Investors encouraged by Trump/Juncker meeting
Equity markets are trading slightly in the red in what has been a slow start to an otherwise very busy week in financial markets.
Stock markets have been gradually rising in recent weeks, making their way back to the record high levels they achieved earlier in the year before the numerous trade conflicts involving the US heated up. The apparent progress made at the White House last week between Donald Trump and Jean-Claude Juncker has eased some concerns for now but the threats generally remain.
Earnings season has delivered a positive distraction for investors, with companies once again reporting stellar quarterly results aided by the obvious benefit of tax cuts. We’ll get results from another 144 S&P 500 companies this week as US corporates look to continue the positive momentum of earnings season so far and potentially propel the index to a new high.
BoE seen raising rates while Fed and BoJ also meet
There’s also a number of central bank meetings this week, the most notable of the lot probably being the Bank of England with investors widely expecting a rate hike, taking the benchmark rate above 0.5% for the first time since early 2009. A rate hike is now 86% priced in which could trigger a lot of volatility if policy makers once again hold off, as they did back in May.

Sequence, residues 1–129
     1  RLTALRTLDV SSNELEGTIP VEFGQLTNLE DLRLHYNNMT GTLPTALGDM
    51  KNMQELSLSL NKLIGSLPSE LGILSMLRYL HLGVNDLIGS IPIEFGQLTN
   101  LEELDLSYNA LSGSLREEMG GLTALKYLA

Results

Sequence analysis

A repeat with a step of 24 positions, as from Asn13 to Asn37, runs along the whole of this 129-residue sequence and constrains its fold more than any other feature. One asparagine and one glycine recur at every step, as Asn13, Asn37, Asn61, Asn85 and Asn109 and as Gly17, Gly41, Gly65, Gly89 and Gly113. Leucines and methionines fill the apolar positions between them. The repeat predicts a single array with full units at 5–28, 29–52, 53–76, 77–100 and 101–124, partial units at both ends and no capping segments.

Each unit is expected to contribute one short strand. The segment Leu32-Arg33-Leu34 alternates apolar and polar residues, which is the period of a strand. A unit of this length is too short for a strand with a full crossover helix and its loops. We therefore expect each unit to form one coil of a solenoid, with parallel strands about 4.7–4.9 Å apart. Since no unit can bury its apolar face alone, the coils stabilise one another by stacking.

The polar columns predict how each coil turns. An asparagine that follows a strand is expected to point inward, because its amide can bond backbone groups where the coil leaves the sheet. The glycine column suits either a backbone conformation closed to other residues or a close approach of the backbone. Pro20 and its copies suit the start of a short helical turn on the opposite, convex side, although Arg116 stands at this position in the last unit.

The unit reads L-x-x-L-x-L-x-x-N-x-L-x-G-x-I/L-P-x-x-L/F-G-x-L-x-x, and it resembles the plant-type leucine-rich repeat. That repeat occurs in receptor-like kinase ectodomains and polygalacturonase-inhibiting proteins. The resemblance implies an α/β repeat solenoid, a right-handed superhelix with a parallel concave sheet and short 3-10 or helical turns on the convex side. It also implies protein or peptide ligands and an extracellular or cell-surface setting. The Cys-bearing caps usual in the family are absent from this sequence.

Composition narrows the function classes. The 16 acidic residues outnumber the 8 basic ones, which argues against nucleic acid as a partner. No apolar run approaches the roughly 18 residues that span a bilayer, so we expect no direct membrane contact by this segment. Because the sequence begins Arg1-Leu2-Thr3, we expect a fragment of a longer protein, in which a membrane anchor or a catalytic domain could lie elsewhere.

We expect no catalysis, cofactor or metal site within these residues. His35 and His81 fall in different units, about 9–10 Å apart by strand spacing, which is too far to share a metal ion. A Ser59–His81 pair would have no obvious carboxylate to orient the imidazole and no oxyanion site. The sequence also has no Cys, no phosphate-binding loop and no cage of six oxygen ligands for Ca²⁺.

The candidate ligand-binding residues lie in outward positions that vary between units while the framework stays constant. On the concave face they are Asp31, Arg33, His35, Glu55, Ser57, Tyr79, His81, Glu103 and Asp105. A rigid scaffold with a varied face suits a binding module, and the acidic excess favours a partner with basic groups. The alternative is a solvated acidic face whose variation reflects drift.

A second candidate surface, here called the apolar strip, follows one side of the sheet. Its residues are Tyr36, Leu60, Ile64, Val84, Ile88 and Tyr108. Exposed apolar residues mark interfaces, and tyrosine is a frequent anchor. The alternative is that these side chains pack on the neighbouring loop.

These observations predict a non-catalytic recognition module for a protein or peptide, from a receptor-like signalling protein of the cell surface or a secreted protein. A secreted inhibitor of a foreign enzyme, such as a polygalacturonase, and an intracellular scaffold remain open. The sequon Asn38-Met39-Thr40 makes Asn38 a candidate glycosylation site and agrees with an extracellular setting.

BoE Interest Rate Probability
Source – Thomson Reuters Eikon
The Federal Reserve and Bank of Japan will also hold meetings this week although these events may be less eventful, with neither seen adjusting policy this month. The Fed is also on a very clear tightening path and with the economy performing in line with expectations and the trade conflicts not yet biting, I don’t expect there to be any change in the central bank’s stance.
There has been speculation that the BoJ may look to slightly remove accommodation by increasing the yield it will allow the 10-year to reach, although I’m not sure that will come this week. Investors appear to be testing the BoJ’s resolve, with the yield having hit its highest level since February last year. Should the central bank reject the speculation, I would expect this to quickly reverse course.
This week also sees the release of the US jobs report which is widely regarded to be the most important economic report of the month and is typically a trigger for market volatility.
For a look at all of today’s economic events, check out our economic calendar.
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